Update from Alex

26 February 2016

Christchurch milestones and global green growth

Timing is everything. Five years since Christchurch’s most damaging earthquake, it seems opportune to remember that rebuilding, and doing it well, takes time and dedication. (As this morning's quake shows, Cantabrians' sense of recovery and progress still sometimes takes a battering.) But whilst there have been some stops and starts to the rebuild and a palpable sense of frustration, if we touch on the green building activity, there are some great milestones to recall and celebrate.

The 4 Green Star Forte Health building, which opened in 2014, was the first medical centre in New Zealand to achieve a Green Star rating. The Awly Investments Building hit a 5 Green Star rating, and in another large CBD development, the Vodafone and Kathmandu HQs are targeting 5 Green Star too.

CERA has commissioned custom Green Star tools for four of the city’s anchor projects – one of which, the Bus Interchange, is already contributing to a positive cityscape.

On the residential front, the first 10 Homestar Built rating at 11 Church Square in Addington has just been joined by another 10 Homestar Built rating, right next door.

Sustainability has also been at the heart of other projects, such as Duncan Cotterill Plaza, the UniMed building, Opus’s work on the Avon River Precinct, and the Justice and Emergency Services Precinct. Many consultants have used EECA design funding to create better-performing buildings (which I’m sure will result in a slew of good NABERSNZ ratings in the next few years), and the first tentative steps have been taken towards the long-discussed renewable district energy network.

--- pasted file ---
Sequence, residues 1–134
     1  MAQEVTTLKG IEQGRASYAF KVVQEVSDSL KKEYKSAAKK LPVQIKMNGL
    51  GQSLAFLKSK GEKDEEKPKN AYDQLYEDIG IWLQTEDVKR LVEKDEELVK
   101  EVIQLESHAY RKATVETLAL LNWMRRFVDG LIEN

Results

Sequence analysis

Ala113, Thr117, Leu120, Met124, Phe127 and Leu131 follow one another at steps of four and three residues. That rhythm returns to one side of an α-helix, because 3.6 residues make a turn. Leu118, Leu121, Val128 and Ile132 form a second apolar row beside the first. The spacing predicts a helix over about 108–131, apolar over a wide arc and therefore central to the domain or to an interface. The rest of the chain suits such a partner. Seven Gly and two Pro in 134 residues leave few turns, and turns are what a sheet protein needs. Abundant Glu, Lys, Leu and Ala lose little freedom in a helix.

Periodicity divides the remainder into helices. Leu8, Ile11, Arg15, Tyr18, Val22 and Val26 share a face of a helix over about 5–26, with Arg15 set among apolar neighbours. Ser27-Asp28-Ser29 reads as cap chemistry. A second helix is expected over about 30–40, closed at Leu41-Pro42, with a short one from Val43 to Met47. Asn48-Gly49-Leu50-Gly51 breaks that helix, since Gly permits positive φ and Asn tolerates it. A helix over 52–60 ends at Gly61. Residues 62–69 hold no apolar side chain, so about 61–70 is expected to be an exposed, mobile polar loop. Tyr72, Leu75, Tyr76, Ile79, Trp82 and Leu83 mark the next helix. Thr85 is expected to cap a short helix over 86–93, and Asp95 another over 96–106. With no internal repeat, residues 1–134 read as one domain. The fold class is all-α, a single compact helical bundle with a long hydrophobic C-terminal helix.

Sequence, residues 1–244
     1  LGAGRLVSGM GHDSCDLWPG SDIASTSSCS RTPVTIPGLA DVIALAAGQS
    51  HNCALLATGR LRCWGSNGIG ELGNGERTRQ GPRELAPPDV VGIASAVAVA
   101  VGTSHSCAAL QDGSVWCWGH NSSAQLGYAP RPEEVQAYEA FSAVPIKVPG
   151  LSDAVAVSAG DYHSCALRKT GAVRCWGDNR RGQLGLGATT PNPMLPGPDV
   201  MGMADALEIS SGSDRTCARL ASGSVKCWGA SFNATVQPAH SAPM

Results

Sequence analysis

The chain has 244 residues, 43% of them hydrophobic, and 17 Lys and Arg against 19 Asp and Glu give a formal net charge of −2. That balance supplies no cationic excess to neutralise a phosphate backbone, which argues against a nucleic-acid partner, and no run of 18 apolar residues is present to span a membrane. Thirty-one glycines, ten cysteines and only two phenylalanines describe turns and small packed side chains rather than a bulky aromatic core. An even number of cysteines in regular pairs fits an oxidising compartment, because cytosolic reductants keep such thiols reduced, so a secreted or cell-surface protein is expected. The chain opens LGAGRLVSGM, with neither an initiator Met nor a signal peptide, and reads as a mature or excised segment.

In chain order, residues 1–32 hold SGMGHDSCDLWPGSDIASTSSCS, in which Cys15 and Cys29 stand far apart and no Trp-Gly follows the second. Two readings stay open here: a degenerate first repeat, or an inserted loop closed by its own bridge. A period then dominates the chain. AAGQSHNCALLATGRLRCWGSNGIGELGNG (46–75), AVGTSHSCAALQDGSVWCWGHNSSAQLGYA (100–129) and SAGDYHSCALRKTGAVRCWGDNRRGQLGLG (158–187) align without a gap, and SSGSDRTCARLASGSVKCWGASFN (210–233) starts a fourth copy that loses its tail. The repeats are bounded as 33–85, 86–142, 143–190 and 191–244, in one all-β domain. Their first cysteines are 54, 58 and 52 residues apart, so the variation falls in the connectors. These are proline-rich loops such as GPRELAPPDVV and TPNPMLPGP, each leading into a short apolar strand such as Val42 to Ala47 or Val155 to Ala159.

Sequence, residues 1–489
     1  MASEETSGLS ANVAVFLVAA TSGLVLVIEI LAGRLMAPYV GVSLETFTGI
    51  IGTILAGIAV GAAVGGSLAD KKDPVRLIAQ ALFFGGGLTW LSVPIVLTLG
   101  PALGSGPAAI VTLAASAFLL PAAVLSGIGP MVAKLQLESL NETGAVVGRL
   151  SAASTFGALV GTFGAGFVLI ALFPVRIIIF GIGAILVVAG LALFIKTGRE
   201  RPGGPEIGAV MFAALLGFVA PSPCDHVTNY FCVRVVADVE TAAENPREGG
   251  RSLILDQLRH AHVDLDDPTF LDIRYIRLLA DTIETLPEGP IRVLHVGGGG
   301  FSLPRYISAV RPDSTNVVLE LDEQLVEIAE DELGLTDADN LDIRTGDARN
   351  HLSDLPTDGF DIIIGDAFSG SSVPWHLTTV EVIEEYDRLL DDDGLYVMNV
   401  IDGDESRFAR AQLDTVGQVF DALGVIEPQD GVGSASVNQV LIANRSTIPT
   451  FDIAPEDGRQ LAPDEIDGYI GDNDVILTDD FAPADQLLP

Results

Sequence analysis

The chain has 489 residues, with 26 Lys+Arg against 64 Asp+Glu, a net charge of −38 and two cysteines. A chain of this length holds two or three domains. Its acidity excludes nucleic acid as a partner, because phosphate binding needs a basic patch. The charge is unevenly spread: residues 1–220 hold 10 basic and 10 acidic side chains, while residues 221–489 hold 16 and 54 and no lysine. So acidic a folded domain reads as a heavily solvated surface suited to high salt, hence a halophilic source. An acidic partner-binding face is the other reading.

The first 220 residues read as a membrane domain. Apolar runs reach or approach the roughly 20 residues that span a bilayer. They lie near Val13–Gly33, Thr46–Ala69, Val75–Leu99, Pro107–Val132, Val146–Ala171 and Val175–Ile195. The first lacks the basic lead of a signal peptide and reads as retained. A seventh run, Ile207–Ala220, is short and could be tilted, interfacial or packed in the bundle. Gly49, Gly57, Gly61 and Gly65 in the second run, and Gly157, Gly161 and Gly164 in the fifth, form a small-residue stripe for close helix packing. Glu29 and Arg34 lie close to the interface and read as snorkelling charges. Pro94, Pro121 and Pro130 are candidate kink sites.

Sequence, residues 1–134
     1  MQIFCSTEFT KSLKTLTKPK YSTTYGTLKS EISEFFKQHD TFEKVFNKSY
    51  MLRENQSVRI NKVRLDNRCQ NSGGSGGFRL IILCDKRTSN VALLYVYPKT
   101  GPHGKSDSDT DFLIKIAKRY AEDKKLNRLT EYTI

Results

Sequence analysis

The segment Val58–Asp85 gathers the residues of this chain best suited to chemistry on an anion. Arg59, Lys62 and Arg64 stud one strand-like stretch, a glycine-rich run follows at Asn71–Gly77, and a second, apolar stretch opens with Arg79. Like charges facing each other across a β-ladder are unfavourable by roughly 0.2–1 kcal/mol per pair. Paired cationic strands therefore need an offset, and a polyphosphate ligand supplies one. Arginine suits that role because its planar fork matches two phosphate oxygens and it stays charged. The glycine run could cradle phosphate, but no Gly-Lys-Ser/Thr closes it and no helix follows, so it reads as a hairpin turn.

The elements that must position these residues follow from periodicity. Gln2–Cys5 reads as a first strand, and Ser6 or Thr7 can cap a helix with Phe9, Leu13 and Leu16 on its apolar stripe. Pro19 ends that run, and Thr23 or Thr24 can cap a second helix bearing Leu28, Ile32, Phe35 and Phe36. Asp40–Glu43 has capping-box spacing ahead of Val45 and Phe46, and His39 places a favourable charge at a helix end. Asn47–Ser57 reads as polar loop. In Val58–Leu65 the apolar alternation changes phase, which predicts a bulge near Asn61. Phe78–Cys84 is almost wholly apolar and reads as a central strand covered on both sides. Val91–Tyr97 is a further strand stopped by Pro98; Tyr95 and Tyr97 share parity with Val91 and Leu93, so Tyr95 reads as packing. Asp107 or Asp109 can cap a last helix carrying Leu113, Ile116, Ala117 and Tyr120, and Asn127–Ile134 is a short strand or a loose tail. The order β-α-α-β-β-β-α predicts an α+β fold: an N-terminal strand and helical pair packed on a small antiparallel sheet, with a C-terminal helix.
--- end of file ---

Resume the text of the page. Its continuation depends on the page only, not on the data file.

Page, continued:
So I’d like to toast those of you who have been working so hard in Christchurch to push sustainable (common sense) design. Thank you for being advocates at every level: during chats over a drink, sketching out ideas on napkins, and in hard negotiations. It may not feel like it every day, but the fruits of your efforts will benefit the city for years to come.

Internationally, it’s clear that green building is a growing trend. Results just released from the World Green Building Trends 2016 study show that the percentage of firms expecting to have more than 60% of their projects certified green is anticipated to nearly double by 2018.

Three-quarters of respondents are tracking metrics on their green buildings; they’re seeing benefits such as decreased operating costs and increased asset value. Client demand is the top driver for 40% of green buildings (up from 34% in 2008), outstripping reasons such as environmental regulations and the perception that it’s the ‘right thing to do’ – this proves that efficient, healthy buildings keep both owners and tenants happy. The full report (including a handy Executive Summary) is in the NZGBC Knowledge Hub. Happy reading, and keep on building.